The idea of networks has in the recent decade rapidly risen to a top position in a long series of disciplines. Given that network is a key concept in space syntax theory and methodology, this paper investigates the origins and later development of network analysis in the adjacent fields of sociologyand geography, not least since networks often are seen as a language that can connect and translate between systems and phenomena addressed in different disciplines. The overarching aim in the paper is to contribute to a more precise understanding of what network concept actually is in use in space syntax and, in extension, what this particular version has to offer the larger and more established disciplines of sociology and geography.
In sociology we find an initial discourse on networks already in Georg Simmel that to a certain degreechallenged the conception of sociology strongly promoted by the more powerful Émile Durkheim, but was later lost. The concept of networks, however, remerged, not least in the work of John Scott that made direct references to the emergence of network analysis in geography. In geography we find networks to be an intrinsic part of the quantitative revolution in the 1950s and 60s, heralded by Peter Haggett and others, where networks were promoted as an alternative to the regional approach in geography. This opens for an exciting vista of geometric foundations of geography, with pertinent repercussions also for architecture.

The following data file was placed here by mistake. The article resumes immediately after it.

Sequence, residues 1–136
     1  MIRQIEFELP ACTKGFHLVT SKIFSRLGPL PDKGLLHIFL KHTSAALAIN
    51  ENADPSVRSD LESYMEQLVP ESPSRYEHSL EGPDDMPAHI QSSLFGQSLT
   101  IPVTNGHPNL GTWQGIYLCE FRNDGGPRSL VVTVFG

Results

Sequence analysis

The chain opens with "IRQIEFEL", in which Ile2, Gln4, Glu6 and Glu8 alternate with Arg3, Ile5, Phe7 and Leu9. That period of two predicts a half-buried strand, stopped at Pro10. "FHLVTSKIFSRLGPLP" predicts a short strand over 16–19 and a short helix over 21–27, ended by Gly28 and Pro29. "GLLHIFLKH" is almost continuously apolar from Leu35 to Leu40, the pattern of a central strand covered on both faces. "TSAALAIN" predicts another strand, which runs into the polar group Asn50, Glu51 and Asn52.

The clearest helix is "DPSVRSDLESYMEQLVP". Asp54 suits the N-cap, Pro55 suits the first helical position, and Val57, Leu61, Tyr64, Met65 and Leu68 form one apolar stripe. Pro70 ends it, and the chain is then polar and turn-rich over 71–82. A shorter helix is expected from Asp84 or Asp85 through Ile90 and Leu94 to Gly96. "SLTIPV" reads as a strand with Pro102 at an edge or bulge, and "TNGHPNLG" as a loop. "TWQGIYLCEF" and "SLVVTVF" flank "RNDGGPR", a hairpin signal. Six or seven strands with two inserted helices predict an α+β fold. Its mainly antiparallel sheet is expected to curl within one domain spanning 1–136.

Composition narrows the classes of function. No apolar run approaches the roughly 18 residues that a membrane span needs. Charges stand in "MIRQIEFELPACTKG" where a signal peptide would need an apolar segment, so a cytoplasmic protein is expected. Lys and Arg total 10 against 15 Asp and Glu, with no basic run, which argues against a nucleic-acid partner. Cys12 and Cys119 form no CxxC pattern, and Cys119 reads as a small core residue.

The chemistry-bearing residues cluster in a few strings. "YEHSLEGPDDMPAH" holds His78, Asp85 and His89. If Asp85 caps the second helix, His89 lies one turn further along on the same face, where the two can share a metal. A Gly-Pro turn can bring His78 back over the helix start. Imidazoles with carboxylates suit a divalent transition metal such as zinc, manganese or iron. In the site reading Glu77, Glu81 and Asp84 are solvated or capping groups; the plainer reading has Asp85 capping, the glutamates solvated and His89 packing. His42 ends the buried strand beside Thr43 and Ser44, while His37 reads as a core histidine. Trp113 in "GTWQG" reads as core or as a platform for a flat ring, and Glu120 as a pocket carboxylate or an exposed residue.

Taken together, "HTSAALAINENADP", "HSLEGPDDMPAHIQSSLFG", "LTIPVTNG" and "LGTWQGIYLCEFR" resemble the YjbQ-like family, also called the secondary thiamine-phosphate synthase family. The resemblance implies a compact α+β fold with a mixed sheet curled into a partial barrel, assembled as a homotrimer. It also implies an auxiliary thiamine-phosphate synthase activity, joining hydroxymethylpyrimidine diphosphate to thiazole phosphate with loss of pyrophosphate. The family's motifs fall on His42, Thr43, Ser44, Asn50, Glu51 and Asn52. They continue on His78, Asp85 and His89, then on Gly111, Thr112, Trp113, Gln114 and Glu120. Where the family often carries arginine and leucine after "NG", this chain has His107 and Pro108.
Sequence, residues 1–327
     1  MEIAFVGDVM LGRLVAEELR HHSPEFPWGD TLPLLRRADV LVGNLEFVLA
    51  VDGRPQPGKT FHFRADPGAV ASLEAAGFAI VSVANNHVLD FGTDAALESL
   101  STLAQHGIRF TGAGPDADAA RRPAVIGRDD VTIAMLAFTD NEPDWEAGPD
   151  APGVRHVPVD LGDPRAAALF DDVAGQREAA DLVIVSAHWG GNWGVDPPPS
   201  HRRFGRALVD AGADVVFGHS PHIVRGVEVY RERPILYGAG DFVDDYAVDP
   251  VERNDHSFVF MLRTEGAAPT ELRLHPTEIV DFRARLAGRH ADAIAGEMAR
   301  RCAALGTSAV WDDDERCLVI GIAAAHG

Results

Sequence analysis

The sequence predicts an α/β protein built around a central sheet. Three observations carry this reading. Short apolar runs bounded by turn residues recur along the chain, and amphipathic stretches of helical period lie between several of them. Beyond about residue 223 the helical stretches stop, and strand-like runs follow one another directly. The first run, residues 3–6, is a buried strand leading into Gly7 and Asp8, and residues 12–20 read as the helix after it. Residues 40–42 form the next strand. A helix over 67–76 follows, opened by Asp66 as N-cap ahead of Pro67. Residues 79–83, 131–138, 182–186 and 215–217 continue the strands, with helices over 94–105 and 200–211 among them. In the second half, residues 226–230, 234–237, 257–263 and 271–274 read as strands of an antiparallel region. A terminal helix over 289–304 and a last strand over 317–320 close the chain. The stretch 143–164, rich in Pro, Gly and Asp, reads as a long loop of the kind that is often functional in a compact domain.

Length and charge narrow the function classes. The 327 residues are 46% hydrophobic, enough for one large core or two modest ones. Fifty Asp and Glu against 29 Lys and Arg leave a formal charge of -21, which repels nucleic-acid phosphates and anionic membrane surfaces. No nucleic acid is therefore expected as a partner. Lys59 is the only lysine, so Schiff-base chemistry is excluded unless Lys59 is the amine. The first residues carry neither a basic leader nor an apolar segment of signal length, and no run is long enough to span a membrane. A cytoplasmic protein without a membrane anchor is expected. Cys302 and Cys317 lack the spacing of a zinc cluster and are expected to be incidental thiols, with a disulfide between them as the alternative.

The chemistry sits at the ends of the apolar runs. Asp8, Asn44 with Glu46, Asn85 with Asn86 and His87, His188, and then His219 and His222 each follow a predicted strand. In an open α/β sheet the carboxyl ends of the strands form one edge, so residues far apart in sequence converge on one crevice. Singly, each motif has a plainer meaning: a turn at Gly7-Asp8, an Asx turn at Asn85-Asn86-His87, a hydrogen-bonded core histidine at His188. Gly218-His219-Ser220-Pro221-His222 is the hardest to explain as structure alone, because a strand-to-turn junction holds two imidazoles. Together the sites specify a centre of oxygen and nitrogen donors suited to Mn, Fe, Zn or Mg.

However, this is clearly to move between distinctly different conceptions of networks; between what we can call social, physical, and cognitive networks. With this distinction in mind, there is a possibility to more precisely position networks as conceptualised in space syntax. Socially, networks in space syntax are representations of, what Durkheim referred to as, social morphology, which distinctly can never reach beyond the threshold of sociology but deals with “material substratum of society”, which thereby offers a distinct identity and limit to the field of space syntax. Geographically, space syntax thus represents a peculiar form of network analysis demarcated by the physical fact of the city. Such ontology of ‘regional networks’ (cf. Jessop) is not unusual in geography, but fundamentally alien to the contemporary concept of networks found within sociology, emphasizing networks as an ontological alternative to such region-thinking (Latour, Scott). Finally, and possibly most originally, representations of networks in space syntax seem to develop a particular strand of advanced cognitive geometry that extends and complements the aims of behavioural and cognitive geography.
Sejong University Press , 2013.